After my surprise positive reaction to First Blood, I was looking forward to watching Rambo: First Blood Part II (26 percent). The movie starts interestingly enough -- Colonel Trautman (Richard Crenna), who trained Rambo, asks him to go to Vietnam to photograph American POWs -- but after arriving in Vietnam, Rambo realizes that he's been set up, and vows to rescue the prisoners. Sounds good, right? I thought so too, until Rambo strangled a rattlesnake in the jungle within the first 10 minutes of the film. Throughout the jungle scenes, Rambo brutally kills a lot of animals, shrubbery, and people -- including pirates -- with his eerily veiny bare hands. I definitely knew the movie was trouble when I noticed Sly's suspicious muscle gain -- he looks like he devoured a few cases of human growth hormones before the cameras rolled -- and after a few minutes of dialogue and a few lame attempts at political discussion, the filmmakers decide to ditch the ideas and just blow stuff up instead. Filmcritic.com's Jeremiah Kipp agrees." No one will ever confuse this for a quality film, that's for sure. It's a macho fantasy created to convince Americans that we could have won Vietnam if only we'd trusted John Rambo." Rambo can do anything in this sequel. It doesn't matter if hundreds of people are after him; all he needs is his machine gun. Rambo was killing so many people at once that it reminded me of Hot Shots. The problem with the second Rambo is that it takes itself too seriously; if it had just embraced its cheesiness, it'd have been much more entertaining.
Rambo - First Blood Part II trailer.
After the trash that was Rambo II, I wasn't looking forward to devoting further hours to Rambo III (35 percent), but surprisingly, the third installment is a great combination of First Blood's good qualities and the tongue-in-cheek factor that Part II was missing. In Rambo III, we find Stallone living in a monastery, helping out the monks with his carpentry skills and income from stick-fighting matches (mmm...cheese). The colonel manages to track Rambo down in Thailand and -- surprise! -- asks him to join his team on a mission in Afghanistan. (It seems that an evil Russian commander is brutalizing a small Afghan village.) Rambo politely declines, since he's busy working on himself, but quickly changes his mind after learning that Trautman went in and has been captured. The scenes with Rambo interacting with the Afghan rebels show a softer side of the action hero, and teach a bit of history about the various Afghan occupations.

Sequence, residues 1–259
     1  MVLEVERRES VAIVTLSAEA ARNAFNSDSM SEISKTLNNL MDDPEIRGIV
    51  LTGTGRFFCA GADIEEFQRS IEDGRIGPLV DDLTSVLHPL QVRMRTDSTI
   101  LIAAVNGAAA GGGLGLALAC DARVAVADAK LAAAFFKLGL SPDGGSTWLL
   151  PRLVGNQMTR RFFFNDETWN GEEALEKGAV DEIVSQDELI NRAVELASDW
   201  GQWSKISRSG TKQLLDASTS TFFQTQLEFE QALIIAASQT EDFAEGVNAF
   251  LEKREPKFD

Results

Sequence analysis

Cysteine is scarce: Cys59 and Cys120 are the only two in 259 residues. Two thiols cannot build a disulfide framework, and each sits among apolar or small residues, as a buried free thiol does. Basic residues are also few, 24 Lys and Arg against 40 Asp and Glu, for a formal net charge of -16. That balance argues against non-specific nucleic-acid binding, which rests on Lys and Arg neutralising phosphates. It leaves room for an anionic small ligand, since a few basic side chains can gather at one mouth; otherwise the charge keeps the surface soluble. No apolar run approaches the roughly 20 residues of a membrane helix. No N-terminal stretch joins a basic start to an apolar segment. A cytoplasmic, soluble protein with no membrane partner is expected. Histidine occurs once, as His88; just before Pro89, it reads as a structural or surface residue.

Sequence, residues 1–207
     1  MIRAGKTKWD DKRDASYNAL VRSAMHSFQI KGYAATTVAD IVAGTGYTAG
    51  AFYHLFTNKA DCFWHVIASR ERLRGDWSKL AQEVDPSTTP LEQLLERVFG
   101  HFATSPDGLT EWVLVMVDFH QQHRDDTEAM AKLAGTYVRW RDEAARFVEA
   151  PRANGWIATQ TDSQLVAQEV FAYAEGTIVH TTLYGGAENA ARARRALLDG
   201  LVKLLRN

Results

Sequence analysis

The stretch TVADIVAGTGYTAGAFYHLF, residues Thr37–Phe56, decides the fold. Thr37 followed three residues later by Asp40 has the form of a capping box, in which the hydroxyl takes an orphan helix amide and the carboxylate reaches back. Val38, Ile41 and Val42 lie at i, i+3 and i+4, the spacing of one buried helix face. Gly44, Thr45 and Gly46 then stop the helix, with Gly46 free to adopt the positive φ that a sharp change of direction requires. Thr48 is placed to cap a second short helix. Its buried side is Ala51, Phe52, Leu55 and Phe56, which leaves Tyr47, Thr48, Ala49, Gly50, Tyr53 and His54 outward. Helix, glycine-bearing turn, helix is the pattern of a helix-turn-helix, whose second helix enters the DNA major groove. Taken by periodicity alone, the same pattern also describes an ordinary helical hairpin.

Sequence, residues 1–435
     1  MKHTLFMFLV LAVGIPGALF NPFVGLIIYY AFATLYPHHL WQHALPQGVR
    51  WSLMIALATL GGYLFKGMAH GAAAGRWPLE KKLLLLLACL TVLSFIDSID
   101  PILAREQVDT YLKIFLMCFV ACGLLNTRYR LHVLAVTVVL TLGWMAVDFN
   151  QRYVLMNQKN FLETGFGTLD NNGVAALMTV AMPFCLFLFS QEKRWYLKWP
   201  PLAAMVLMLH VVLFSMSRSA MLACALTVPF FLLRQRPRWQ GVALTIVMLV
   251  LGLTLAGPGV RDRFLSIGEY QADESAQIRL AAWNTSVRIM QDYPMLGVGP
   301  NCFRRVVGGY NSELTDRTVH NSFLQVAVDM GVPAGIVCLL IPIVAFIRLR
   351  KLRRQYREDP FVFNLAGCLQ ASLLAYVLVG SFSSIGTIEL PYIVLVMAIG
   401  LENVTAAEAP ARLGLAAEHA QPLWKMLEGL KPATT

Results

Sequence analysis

However, once Rambo decides to go in and save Trautman on a solo mission, the film I was expecting all along finally appears. With his bandana tied tight, Rambo shoots hundreds of Russians, defeats helicopters and tanks with a single gun, and manages to get in some great dialogue about being the Soviet commander's "worst nightmare." I especially enjoyed Rambo running through a giant explosion in a cave -- when Colonel Trautman asks how he feels, a burnt Rambo replies, "Well done." Despite some negative reviews -- and the ridiculous plot -- I had a lot of fun watching Rambo III. "Stallone has by now made Rambo parody-proof, since the character is every bit as laughable as he is grandiose; that's part of the fun," wrote Janet Maslin of the New York Times.
Rambo III trailer.
The Rambo films were all entertaining in their own ways, and the violence was fairly predictable, so it was easy for me to close my eyes whenever Rambo was performing self-surgery or slicing someone open. I'm even not- so-secretly excited to see the new Rambo. Here's hoping it combines the political undercurrent of First Blood with the cheesy puns and overall badassness of Rambo III.